At the end of the day, neither oil nor gold were able to hang on to all of their earlier gains and tilted into unchanged-to-negative territory once again in the mid-afternoon hours. The trade continued Monday's selling spree which shrank the open interest by more than 15,000 contracts and brought the metal to a one-month low of $813.10 per ounce overnight. As of now, all but $15 of December's gains in bullion's value have now been given up this month, and two-thirds of this drop was recorded in yesterday's session alone.
A modicum of bargain hunting averted additional price dips, however the yellow metal appears to be aiming for a retest of support under $800 in the near-term. One week ago, UBS issued profit-taking advice for gold longs as well as forecasts regarding the possibility of $800 gold in one, as well as three months. Thus, UBS advises a buy under $800 spec play, while economist Dennis Gartman calls for a sale into rallies above $890 - should they happen. A $100 trading range opportunity should keep speculative money fairly interested, albeit physical demand is having some difficulties getting started this year.
Flying in the face of gold supply scaremongers whose sales agenda is obvious, we have already reported that China's 2007 gold output rose by 12.67% and was ahead by more than 4% through Q3 of last year. Now, comes news that Russia achieved a double-digit gain of its own in gold production last year. Reuters reports that
Russian gold output rose by 11.1 percent to 168.84 tonnes in the first 11 months of last year from 151.91 tonnes a year ago mainly on the back of increased mine output, the country's main industry lobby said on Tuesday. The Russian Gold Industrialists Union has said it expects gold output to rise this year by 8 percent overall to 176 tonnes after five years of decline.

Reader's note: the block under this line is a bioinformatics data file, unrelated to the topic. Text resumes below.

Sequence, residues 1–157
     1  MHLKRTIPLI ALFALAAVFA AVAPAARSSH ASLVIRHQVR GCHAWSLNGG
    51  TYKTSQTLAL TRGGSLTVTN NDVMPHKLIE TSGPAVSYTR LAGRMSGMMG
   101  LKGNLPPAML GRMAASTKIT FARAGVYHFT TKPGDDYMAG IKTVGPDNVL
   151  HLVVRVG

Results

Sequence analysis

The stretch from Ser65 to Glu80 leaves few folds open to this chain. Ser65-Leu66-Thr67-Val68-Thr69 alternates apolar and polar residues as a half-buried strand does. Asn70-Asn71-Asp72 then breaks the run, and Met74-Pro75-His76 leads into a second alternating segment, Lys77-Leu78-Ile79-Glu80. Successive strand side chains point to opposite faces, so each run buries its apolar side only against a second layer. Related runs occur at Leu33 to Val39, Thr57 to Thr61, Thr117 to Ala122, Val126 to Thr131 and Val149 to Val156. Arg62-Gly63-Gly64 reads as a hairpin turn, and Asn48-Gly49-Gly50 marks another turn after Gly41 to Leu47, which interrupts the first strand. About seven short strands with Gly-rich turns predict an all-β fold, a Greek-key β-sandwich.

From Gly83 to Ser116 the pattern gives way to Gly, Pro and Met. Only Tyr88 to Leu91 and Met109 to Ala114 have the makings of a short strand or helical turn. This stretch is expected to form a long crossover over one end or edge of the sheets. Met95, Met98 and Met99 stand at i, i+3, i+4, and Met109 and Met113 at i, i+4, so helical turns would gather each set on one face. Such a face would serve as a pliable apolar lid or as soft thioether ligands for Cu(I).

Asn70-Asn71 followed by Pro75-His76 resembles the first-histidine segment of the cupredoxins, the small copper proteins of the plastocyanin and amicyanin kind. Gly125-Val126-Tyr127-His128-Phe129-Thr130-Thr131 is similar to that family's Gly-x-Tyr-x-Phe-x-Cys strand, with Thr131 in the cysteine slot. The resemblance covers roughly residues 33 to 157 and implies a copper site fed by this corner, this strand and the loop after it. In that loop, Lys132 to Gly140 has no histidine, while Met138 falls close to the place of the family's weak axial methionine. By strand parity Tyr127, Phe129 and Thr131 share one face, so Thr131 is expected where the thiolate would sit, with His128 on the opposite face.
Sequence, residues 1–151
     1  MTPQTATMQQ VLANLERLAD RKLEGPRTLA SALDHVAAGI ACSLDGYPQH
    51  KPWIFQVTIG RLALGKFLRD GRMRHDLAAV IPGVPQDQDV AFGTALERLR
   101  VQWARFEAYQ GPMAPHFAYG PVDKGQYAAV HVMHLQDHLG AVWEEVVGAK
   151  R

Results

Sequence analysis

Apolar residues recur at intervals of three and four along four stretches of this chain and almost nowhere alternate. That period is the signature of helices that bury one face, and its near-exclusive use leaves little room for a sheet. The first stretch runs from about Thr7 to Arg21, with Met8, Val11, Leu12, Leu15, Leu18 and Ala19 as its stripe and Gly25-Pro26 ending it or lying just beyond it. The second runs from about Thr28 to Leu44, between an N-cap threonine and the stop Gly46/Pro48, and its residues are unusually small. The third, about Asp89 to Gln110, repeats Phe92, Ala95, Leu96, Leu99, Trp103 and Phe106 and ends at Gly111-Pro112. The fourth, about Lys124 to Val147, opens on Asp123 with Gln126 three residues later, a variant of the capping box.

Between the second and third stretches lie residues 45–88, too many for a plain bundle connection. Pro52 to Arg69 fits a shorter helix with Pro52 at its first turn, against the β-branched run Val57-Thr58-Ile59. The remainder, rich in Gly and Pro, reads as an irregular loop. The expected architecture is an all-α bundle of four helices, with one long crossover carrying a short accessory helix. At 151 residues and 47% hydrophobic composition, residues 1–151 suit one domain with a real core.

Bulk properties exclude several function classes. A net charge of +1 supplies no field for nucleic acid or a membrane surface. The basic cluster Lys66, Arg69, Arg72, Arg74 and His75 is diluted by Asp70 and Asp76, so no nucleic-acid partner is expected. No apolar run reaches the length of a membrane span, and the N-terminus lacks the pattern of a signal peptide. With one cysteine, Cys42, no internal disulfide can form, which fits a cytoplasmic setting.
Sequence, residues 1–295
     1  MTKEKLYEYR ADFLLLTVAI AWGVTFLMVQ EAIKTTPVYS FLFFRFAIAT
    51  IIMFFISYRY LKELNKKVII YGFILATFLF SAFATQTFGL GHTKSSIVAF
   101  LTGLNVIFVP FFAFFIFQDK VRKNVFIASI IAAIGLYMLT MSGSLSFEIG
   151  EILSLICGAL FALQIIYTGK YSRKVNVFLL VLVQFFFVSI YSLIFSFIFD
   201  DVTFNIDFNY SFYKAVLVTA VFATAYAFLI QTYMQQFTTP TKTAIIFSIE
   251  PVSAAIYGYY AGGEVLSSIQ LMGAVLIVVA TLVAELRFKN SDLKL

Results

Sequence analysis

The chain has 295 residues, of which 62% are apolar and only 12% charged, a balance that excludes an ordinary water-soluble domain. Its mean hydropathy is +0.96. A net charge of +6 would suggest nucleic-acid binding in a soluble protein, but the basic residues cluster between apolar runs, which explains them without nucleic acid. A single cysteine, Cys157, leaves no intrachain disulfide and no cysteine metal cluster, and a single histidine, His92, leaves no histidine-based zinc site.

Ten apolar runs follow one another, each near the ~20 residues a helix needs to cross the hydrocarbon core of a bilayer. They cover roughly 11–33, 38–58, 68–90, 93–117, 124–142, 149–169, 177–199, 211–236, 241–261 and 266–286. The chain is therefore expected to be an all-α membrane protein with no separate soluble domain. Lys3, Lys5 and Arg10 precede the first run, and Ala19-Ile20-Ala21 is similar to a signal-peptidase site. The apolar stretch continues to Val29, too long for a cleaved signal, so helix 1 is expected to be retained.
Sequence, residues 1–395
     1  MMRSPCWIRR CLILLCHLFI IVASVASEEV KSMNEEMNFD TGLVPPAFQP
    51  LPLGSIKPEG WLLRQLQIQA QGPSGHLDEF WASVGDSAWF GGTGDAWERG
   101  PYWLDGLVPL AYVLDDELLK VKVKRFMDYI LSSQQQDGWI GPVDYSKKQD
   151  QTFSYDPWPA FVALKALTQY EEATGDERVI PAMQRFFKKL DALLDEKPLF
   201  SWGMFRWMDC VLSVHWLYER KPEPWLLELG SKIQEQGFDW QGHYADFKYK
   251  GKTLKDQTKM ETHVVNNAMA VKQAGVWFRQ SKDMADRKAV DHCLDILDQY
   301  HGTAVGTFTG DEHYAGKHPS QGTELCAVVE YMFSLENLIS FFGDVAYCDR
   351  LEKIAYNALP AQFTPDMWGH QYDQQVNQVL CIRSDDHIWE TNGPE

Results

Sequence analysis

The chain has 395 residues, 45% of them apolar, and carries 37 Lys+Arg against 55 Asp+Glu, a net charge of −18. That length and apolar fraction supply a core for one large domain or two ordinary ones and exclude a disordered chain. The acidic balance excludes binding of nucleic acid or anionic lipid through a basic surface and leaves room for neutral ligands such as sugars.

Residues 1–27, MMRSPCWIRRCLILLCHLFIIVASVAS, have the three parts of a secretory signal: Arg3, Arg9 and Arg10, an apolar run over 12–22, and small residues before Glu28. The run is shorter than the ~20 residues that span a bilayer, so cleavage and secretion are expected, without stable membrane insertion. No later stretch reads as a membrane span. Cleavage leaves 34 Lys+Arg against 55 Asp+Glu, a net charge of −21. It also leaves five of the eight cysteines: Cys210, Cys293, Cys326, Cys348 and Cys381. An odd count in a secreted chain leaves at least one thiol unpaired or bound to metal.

Output from mines rose by 11.5 percent to 151.16 tonnes in January-November 2008 from 135.52 tonnes a year ago, a union statement said. Output achieved by refining gold from scrap rose by 22.9 percent to 6.46 tonnes from 5.25 tonnes. Production of gold as a by-product of other metals rose 0.7 percent to 11.22 tonnes from 11.14 tonnes, it said. Most Russian gold is mined in the country's east.
Krasnoyarsk in eastern Siberia -- home to top miner Polyus Gold's main mines -- was the country's largest gold-producing region in the first 11 months of 2008. It was followed by the Siberian Republic of Sakha (Yakutia) and the far eastern Chukotka peninsula, union data showed.
Conditions are far from the Russian situation in Peru however, where more than 5,000 miners have lost their jobs since last month as the metals markets went into reverse last year. About 1,100 of those jobs were lost at Newmont's Yanacocha gold mine and Freeport McMoran's Cerro Verde copper pits. Zinc miners and steel workers in the country fared no better. Production halts and plant repairs are the order of the day.